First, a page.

The Toronto Island Concert had many things working against it. Torontonians were busy constructing fake lakes for the G20 summit, thunderstorms were expected to figuratively and literally rain on our parade, and finally the past two years saw our beloved island at the mercy of public services and scheduling conflicts. But not this year, the show was scheduled, bands announced, and we at Ca Va Cool began planning pancake/beer brunches in anticipation of festival day. We faced hordes of security, eager fans, and sound checks on Queen Street as we thought to ourselves that the crowds must have started heading down to the water early – we soon found that the clamour was instead centered on Miley Cyrus’s recital for the upcoming MMVA’s. So we did what any self-deprecating music-lover would – bought crêpes and stood next to the mass of shrieking tweens to take in the glory that was Ms. Cyrus. Arriving at the waterfront we armed ourselves with SPF 60 sunblock, wristbands, and contempt for those that managed to snag a better spot on the ferry than ourselves.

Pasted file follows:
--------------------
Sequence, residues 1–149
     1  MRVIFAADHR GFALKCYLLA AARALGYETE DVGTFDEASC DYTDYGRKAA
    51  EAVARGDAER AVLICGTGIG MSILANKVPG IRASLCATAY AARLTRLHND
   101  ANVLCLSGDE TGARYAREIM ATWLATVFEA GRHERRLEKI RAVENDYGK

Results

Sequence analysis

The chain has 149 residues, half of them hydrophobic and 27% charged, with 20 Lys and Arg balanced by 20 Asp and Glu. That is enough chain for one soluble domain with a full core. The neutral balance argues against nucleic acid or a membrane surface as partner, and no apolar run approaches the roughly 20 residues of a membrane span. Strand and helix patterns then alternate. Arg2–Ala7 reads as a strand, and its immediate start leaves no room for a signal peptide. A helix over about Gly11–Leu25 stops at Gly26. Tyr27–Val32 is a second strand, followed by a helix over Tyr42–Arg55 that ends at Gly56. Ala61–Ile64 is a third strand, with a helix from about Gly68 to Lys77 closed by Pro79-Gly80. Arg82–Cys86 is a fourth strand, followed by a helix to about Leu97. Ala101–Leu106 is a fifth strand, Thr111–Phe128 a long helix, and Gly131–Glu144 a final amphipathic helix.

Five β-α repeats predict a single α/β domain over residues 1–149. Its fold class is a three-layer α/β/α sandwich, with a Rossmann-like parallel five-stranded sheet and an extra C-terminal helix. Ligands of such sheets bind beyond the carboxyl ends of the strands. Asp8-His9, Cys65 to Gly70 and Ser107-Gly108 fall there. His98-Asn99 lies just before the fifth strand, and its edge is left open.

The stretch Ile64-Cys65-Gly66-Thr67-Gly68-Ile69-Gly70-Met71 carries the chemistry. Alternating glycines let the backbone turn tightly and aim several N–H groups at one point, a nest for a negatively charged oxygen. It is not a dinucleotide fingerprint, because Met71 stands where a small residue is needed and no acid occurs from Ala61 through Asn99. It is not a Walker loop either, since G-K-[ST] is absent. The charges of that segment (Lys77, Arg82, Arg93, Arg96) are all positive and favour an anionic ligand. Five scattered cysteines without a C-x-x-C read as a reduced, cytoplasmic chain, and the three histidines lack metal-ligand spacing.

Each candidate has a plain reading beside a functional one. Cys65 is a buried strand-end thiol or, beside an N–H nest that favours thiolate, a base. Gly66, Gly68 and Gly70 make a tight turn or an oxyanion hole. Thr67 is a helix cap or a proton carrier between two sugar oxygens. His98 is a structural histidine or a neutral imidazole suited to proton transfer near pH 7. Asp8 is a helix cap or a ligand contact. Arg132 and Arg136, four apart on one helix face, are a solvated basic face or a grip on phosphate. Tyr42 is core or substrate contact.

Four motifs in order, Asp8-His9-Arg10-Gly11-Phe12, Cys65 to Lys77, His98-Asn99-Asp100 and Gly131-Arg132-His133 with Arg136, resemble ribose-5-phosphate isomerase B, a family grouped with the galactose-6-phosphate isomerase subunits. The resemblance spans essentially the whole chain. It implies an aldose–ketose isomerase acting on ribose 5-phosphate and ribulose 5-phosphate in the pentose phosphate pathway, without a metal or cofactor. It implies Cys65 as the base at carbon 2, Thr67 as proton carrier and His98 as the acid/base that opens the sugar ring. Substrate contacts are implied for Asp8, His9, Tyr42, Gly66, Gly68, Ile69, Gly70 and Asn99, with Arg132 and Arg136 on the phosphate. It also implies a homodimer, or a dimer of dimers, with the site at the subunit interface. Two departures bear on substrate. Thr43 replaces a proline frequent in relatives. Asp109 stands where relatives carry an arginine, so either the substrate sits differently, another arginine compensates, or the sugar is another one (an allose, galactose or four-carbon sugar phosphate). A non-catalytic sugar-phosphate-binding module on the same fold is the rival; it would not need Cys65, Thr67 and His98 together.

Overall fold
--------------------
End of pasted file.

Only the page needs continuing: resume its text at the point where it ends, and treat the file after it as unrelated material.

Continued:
There we stood in a sea of Converse, Keds, and Wayfarers, each person cooler than the next; we were on our way to hipster heaven. Upon reaching the gates we were greeted by security barking the seemingly endless list of items not permitted – coincidentally they were not wearing Converse, Keds, or Wayfarers and thus labeled pejoratively as “the man”. Determined not to be denied, we downed the contents of our unsealed water bottles, smuggled in chocolate chip granola bars, and argued for blankets as a staple of outdoor festivals rather than fire hazards. We had arrived with good karma; the sun shone brightly, concession stands challenged vast rows of Porta Potties, toddlers sported over-sized ear protection, and concert-goers shared in the joy of brilliant music. We can’t thank Collective Concerts enough for making this event possible, our lovely friends both old and new for stationary head-bobbing along with us, and all the music fans in Toronto for sharing in the sights and sounds of the Toronto Island Concert 2010. – Jan Kucic-Riker